That brochure’s gorgeous. That video’s beautiful. That website is so tasty you want to gobble it up.
And every one of them could well be a waste of money.
We’ve seen a spate of videos like this over the past month or two: well-executed, beautifully shot or animated, meticulously edited… and strategically, not worth the three minutes we spent watching them.
We’d never knock good design; give us something eye-catching and compelling any day. But the problem with pretty is that it can mask a serious problem. If a piece isn’t strategic — if it doesn’t deliver its message in a convincing way — then pretty doesn’t matter, and neither does clever or funny (as painful as that is to admit).
Our first goal isn’t entertainment: it’s persuasion. It may sound harsh, but if a piece doesn’t move your audience toward supporting you, then it has failed.
That doesn’t mean you can’t use beauty or wit to earn your audience’s attention. But the way you do it can’t get in the way of your message.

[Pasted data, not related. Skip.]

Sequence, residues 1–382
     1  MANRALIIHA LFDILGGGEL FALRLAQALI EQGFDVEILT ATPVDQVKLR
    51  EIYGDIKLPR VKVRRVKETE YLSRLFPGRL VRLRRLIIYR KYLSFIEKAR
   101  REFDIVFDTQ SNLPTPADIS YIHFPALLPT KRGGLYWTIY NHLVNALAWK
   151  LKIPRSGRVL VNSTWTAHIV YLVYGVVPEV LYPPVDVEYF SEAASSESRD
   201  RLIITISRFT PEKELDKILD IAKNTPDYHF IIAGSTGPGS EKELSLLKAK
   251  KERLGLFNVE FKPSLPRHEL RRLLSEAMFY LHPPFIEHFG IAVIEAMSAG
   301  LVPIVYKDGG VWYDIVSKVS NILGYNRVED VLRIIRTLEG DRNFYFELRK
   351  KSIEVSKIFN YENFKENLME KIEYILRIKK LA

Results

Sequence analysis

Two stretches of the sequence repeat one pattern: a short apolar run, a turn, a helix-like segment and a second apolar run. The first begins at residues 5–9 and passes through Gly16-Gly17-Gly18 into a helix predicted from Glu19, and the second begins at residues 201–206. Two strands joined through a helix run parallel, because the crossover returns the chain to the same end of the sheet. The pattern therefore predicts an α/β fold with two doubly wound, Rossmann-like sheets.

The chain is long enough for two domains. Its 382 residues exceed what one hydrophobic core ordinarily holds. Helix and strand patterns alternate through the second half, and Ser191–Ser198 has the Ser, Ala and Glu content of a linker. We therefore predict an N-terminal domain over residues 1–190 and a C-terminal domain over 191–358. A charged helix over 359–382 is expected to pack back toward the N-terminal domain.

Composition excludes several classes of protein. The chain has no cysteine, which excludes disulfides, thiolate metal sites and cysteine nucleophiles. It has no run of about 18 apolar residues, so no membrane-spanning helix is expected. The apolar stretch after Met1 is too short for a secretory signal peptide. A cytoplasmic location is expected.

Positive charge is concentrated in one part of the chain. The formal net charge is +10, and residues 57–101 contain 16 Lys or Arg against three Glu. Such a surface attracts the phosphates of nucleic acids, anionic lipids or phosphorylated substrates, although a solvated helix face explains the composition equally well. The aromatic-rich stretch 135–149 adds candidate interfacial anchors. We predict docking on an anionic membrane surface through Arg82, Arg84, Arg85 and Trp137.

Here are three questions to help you see past the dazzle and decide whether a piece really is strategic:
- What’s the one thing you remember after seeing or hearing it? If that one thing reinforces your message, then great! If it doesn’t — if it’s a clever joke or glorious image that doesn’t deliver your message — then this piece hasn’t done its job.
- Will someone who skims the piece get your message? A lot of people skim print ads and brochures. And most viewers won’t watch your video all the way through. If your message is one tiny little nugget at the bottom of a sea of off-message cruft, then this piece hasn’t done its job.
- Does anything in this piece effectively contradict your message? I’m not talking about parody; if it’s clear that you’re making fun of your opponent’s point of view, that’s one thing. But if the piece appears to be dismissive of a serious issue, or makes jokes that undermine your point, this piece not only hasn’t done its job — it’s working against you.
Just because a piece is lovely, even moving, doesn’t mean it’s strategically effective. That’s where your strategic judgement has to come into play, setting aside aesthetics and asking the hard questions that can justify an effective use to time and money — or avoid a wasteful one.